May 1st: People Power: Build Progressive Alternative to the Tea Parties

Photo: Sundogg

Progressives, workers and social justice activists have Latino immigrants to thank for revitalizing May 1st in the United States and 2010 is the year join the marches in high numbers. May Day is International Workers Day, celebrated world-wide, but, born in the United States in 1886 when there were over 11,000 strikes for the 8-hour day. To draw workers away from the political dissent and international solidarity of May Day, business interests invented the apolitical Labor Day holiday. But, in recent years, hundreds of thousands of immigrants—most from Mexico—have brought May Day back to fiery life. This year, we must not only stand with immigrants but, also, stand up for ourselves.

This is a call for many movements to unite on May Day: those working for immigrant rights and human rights;those active around police accountability; African-American and Native American communities who have been hardest hit by the Great Recession with high unemployment and those trying to organize a union at their job; the peace movement which must call for a re-ordering of priorities from war to needs at home.

The term “May day! May day!” is an international signal used by navy and air pilots to signal an emergency. The just-passed Arizona law SB1070 aims “to identify, prosecute and deport” undocumented immigrants. Both supporters and opponents of the law call it the strictest and broadest immigration law in decades. It grants police broad powers and puts all Latino people at risk, regardless of their immigration status, by requiring one prove one’s immigration status or citizenship with papers. Arizona’s law comes after an escalation in workplace raids over the last year where undocumented workers, primarily from Mexico and Guatemala are rounded up from meat-packing factories, canneries and the harshest workplaces in the United States.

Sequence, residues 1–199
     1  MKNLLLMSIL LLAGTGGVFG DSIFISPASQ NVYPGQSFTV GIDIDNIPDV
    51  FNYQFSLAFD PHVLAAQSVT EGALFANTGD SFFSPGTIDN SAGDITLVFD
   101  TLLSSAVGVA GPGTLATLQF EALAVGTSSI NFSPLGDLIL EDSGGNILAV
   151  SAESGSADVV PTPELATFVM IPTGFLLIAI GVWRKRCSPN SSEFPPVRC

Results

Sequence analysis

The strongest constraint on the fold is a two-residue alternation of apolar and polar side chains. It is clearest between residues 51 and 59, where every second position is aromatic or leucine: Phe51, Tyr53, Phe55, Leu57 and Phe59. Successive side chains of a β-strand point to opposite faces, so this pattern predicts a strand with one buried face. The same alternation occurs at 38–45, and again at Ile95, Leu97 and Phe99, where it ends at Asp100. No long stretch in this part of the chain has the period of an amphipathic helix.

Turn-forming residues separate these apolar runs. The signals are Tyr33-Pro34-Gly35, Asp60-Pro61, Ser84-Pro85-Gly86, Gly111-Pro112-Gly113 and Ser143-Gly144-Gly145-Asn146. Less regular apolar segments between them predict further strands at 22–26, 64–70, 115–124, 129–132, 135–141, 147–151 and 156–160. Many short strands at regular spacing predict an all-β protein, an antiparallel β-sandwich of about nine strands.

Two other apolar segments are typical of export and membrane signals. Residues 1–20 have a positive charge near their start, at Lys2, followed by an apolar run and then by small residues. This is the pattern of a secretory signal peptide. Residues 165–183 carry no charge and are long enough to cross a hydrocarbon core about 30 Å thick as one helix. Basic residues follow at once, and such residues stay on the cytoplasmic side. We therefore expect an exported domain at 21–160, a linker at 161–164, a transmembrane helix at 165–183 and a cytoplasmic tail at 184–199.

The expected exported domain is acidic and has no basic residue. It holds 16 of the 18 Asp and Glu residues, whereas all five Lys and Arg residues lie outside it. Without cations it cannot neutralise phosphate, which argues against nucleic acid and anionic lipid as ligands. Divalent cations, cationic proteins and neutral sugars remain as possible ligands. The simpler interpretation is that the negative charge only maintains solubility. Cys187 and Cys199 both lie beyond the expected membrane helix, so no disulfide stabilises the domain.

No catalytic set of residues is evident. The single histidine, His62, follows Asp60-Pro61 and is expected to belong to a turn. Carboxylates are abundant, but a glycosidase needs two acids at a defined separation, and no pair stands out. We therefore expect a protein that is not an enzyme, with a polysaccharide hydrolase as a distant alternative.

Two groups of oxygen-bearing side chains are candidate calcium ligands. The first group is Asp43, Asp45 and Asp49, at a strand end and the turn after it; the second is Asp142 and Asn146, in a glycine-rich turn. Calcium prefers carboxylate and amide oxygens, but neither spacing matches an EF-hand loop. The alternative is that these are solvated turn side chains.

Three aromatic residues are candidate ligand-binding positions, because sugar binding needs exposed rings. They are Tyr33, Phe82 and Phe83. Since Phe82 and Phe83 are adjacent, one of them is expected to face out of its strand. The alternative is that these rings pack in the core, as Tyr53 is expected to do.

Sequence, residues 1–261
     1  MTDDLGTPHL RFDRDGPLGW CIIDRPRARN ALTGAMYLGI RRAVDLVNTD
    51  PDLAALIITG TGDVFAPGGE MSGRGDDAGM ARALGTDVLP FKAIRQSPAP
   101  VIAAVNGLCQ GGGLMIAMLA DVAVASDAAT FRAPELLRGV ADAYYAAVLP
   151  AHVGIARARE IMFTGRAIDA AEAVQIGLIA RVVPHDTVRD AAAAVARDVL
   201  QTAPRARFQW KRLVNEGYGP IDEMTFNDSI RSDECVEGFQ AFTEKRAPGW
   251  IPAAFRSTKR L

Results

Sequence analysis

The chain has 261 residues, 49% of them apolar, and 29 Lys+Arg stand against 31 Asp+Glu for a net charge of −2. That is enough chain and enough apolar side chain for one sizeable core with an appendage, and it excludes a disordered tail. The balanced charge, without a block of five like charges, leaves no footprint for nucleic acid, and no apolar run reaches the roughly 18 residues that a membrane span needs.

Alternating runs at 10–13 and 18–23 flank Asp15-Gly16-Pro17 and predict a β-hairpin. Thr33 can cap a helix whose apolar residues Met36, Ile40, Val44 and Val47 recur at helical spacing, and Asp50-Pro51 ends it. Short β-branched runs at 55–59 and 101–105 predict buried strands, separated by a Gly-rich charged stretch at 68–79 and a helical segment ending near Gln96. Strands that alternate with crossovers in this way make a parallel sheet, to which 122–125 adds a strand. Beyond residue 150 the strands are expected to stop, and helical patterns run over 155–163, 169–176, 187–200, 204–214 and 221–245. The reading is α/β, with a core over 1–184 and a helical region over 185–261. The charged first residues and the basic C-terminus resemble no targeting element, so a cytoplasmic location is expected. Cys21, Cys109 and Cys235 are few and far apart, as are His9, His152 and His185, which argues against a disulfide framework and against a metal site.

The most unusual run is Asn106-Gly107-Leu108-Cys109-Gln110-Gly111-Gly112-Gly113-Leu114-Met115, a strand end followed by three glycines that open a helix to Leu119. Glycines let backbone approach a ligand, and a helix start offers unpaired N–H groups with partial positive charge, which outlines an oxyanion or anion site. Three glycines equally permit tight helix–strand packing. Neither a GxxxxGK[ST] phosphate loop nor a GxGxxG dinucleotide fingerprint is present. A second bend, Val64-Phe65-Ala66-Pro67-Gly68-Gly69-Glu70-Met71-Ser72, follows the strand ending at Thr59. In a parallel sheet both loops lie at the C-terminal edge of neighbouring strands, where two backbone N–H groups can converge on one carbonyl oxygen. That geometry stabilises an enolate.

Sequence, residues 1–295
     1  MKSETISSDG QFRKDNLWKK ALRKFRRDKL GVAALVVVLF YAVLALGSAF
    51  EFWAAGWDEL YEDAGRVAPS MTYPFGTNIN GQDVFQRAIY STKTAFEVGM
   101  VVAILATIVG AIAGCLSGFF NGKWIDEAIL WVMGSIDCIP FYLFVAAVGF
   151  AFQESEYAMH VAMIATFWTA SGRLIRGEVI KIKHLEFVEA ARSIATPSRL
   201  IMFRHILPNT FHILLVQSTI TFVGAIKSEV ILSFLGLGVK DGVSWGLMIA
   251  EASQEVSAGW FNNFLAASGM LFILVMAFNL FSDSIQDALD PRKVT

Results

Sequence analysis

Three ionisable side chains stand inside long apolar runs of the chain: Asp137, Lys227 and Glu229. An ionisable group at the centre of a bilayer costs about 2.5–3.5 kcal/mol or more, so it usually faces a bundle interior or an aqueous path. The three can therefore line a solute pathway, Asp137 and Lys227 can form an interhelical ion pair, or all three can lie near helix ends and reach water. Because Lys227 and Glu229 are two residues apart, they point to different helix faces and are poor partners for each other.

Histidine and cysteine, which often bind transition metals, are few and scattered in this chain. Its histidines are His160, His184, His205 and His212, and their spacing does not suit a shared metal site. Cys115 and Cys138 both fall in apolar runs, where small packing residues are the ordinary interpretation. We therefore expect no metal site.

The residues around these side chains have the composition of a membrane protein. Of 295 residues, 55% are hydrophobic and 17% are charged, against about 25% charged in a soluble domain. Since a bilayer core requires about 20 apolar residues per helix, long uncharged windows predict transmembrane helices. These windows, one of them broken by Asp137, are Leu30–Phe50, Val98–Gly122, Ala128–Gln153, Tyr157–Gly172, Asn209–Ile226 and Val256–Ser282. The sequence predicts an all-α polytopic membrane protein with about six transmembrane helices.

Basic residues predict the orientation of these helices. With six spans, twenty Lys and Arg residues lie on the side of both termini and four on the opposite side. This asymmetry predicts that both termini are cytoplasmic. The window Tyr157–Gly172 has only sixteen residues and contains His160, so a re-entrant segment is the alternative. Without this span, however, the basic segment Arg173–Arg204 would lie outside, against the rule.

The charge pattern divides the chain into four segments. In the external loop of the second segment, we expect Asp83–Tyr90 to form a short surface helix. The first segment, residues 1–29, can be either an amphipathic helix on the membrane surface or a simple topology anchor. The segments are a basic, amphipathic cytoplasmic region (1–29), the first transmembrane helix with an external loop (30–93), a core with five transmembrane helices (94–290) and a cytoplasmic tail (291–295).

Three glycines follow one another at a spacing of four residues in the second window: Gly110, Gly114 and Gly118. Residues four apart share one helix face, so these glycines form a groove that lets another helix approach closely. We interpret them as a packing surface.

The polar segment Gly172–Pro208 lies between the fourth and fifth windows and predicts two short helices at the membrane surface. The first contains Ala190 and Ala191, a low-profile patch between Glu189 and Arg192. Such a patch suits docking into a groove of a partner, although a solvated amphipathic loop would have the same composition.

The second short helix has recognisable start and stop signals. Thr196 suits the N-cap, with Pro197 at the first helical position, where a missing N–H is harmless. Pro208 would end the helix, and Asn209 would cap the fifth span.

Do you know that many of the winter vegetables you eat are harvested by Mexican workers in Arizona?

The SB1070 law is the dictionary definition of racial profiling with the goal of ethnic cleansing Latino people out of Arizona—a state like the rest of the U.S. Southwest and Texas that was originally northern Mexico until it was stolen in the 1840s Spanish-American War. To put it more bluntly, Mexican people were already living on the land now called Arizona when white settlers arrived, so, white people who call for deporting undocumented Mexicans are engaging in ethnic cleansing.

Arizona Gov. Jan Brewer claims that racial profiling would not be tolerated and that police will get special training in how to implement the new law. The New York Times quoted the governor saying,“We have to trust our law enforcement.”

How’s that “trust the police” been working out so far for Latinos (regardless of status), African-Americans, American Indians, the poor of all colors, homeless people and the mentally ill? All are vulnerable to daily harassment, arrests without charges, being Tasered, beaten, choked, shot and murdered. No amount of “special training” has had an impact on police abuses of unarmed civilians. Police remain above the law, facing no charges, no trials, no convictions and not even fired from their jobs, regardless of how violent their actions towards the “the Others” who are targeted.

White progressives working on human rights—whether opposing U.S. torture policies, Israel’s oppression of Palestinians or Colombia’s paramilitary death squads, must recognize the parallels here at home. May 1st is an opportunity to make the connections between all these other human rights abuses and the rising attacks on immigrants and abusive police impunity here at home.

Peace activists must show up to make the connections between U.S. occupations of Iraq and Afghanistan with draconian repressive measures here at home (domestic spying on Muslims, environmental activists, anti-war dissidents) which Arizona’s 1070 law is the latest example of. The anti-war movement can get a much-needed re-charge on May 1st raising the cry, “Money for JOBS! NOT for War!”

But, it’s equally crucial that May Day be widely resurrected by working people and labor activists.